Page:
Joint Committee on the Draft Local Government (Organisation and Standards) Bill Report


  IV. THE GOVERNMENT'S CASE FOR THE BILL

14. The Government sets out its case for the bill in its introduction to the White Paper,[7] and the same reasoning was advanced in oral evidence to the Committee from the Minister, the Rt Hon Hilary Armstrong MP.[8] The essential features of the case are as follows.

15. Councils traditionally conduct their business through large committees and sub-committees, having the same political balance as the full council, and advised by professional officers. This is deemed to be time-consuming for members and officers alike, inefficient, slow, and expensive in terms of time and resources. Indeed, a recent survey of councillors [9] showed that while 70 per cent of councillors thought that their representational work with the community was their most important function, they spent only 30 per cent of their time doing it, as opposed to 50 per cent of their time at meetings.

16. Most major policy decisions however are in practice taken elsewhere—either within the ruling party group or, where necessary, following consultation between the leaders of groups where there is a minority administration. As a result a decision-making process designed to be open and public is now opaque and unaccountable. Electors and other interested parties such as businesses do not know where responsibility lies, and many individual councillors are frustrated by their inability to influence decisions or even to follow the decision-making process through what can be a labyrinthine committee system.

17. The Government see the reluctance of people to serve as councillors and the reluctance of people to turn out and vote for those councillors at local elections as symptoms of this malaise. Thus only 50 per cent of councillors are in employment while 35 per cent are retired; and many social groups are under-represented. Meanwhile turnout at elections is one of the lowest in the European Union. Average turnout in the most recent local elections in England and Wales was only 29 to 30 per cent.[10]

18. The Government's answer is principally enshrined in this draft Bill. It consists of requiring local authorities to set up a separate and clearly identifiable executive within the council; and, under the terms of two of the three executive models proposed, and subject to popular referendum, to establish elected mayors to lead those executives. Such arrangements it is argued will make local government efficient (by cutting down on committees and time); transparent (by placing most decision making with visible executives); and accountable (by allowing for scrutiny of those executives). In addition, the possibility of electing mayors will help to raise the profile of the local administration.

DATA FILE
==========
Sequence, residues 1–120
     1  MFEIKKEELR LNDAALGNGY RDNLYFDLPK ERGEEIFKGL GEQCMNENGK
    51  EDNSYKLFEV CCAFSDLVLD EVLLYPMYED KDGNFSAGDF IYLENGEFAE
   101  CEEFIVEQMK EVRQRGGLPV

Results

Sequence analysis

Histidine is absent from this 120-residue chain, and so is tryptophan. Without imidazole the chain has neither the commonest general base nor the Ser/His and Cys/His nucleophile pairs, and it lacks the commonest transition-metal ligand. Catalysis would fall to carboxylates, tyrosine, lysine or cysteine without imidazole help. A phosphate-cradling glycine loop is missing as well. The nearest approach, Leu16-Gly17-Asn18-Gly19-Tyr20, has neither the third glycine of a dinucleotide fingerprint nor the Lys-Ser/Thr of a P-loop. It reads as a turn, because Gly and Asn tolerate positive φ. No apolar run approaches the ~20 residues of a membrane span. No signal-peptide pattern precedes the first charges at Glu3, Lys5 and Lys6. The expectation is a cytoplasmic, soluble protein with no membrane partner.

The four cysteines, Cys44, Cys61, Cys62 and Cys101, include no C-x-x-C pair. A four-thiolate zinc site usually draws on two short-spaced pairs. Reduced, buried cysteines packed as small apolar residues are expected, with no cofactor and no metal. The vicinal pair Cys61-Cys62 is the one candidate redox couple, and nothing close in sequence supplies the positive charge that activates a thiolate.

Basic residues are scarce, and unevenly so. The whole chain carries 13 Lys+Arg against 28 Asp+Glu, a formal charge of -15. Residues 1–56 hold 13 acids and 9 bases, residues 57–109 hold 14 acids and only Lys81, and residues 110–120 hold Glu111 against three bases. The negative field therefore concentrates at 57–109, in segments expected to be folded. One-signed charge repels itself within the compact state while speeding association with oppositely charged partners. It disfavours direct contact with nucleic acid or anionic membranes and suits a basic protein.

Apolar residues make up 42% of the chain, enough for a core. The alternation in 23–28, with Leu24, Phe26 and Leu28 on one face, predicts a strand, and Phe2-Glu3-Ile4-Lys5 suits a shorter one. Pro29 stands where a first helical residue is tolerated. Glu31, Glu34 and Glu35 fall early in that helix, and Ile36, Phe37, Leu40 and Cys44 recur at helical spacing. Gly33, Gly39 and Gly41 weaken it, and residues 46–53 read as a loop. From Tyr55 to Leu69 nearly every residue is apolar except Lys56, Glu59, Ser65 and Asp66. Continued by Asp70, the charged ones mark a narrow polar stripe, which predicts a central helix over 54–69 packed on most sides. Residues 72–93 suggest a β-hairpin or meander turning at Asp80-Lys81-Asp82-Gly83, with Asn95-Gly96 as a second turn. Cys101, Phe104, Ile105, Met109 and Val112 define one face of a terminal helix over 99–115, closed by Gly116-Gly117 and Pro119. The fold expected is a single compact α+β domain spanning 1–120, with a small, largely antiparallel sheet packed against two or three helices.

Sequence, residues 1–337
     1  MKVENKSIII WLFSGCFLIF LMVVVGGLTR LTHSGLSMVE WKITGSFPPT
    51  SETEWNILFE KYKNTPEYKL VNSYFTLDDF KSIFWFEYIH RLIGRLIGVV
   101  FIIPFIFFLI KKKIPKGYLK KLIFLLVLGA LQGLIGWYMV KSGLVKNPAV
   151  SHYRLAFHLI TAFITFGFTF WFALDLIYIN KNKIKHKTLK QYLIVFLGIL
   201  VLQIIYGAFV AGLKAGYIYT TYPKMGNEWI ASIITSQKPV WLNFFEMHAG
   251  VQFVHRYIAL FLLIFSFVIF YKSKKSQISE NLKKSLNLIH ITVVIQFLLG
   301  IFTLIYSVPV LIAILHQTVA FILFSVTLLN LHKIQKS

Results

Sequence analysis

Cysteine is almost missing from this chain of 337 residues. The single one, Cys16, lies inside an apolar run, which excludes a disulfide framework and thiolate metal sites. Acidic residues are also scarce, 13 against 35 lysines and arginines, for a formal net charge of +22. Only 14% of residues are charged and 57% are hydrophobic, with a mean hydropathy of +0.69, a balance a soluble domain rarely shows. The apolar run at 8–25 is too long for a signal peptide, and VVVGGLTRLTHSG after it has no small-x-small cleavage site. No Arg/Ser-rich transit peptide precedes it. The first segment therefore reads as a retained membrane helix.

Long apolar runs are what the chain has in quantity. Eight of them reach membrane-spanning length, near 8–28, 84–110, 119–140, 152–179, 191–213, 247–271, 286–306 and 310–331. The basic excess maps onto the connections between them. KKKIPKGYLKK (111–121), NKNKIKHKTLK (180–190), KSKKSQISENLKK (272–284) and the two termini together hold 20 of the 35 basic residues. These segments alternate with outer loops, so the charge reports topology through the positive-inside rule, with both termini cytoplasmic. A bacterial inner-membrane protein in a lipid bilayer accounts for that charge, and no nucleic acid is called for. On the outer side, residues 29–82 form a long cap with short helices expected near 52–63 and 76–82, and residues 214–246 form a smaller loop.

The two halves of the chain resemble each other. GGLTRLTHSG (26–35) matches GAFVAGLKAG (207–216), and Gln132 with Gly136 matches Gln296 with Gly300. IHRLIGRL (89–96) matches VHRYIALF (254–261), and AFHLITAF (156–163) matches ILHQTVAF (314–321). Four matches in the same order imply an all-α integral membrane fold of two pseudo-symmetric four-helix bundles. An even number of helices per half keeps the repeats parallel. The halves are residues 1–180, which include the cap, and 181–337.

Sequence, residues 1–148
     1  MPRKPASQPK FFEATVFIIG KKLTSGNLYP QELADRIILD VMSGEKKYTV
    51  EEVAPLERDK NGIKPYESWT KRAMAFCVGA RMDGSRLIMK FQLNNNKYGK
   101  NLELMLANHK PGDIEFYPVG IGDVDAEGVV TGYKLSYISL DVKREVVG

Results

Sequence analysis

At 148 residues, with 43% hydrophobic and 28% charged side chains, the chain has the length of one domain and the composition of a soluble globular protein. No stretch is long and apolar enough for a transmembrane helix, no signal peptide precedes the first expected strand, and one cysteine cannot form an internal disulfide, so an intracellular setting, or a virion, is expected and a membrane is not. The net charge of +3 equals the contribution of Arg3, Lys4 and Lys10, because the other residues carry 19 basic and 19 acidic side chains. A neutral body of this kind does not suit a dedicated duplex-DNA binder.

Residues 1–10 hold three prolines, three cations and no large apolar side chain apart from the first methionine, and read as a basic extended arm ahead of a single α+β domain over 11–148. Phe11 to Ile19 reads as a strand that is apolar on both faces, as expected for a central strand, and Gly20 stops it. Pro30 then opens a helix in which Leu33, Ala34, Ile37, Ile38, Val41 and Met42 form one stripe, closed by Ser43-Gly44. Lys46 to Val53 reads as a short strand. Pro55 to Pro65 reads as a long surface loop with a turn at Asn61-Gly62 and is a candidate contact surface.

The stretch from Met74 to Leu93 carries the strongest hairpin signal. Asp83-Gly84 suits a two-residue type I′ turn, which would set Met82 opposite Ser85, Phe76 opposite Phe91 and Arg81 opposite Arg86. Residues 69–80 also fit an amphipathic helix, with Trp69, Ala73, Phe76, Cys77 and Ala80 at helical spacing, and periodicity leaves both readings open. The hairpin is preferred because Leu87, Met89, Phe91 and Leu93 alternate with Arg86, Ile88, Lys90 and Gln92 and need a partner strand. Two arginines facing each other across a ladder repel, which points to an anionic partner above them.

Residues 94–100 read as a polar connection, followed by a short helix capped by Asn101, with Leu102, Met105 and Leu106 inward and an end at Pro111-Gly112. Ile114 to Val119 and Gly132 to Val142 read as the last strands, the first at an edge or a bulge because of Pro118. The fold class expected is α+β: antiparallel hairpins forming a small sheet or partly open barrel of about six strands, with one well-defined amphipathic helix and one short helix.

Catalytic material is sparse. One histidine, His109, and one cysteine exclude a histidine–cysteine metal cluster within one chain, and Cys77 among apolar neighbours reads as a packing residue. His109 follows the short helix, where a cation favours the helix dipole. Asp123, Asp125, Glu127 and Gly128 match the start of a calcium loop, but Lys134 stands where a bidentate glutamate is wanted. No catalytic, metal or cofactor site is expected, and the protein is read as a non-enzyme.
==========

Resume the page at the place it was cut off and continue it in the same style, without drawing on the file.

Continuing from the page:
19. The Committee consider that the objectives behind the bill—efficiency, transparency and accountability—are laudable. The Government believes they can be achieved by requiring all local authorities to make proposals for political management structures with a separate executive, and establishing a new ethical framework for local government. We see merit in the inclusion of a clause at the beginning of the bill to state that its purpose is to achieve greater efficiency, transparency and accountability.

20. In our consideration of the bill which follows we have wherever possible considered the terms of the proposals set out in the bill (referring where necessary to the White Paper too) in the context of the evidence received before venturing our own opinion and where appropriate making recommendations for changes. In our view the extent to which any eventual Act based on the current draft will fulfil these objectives will largely depend on the extent to which the Government are prepared to accept our findings and act upon them.


7  Cm4298 Back

8  QQ706-721 Back

9  K Young and N Rao, 1993 Back

10  Figures from House of Commons Library Back


 
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Prepared 3 August 1999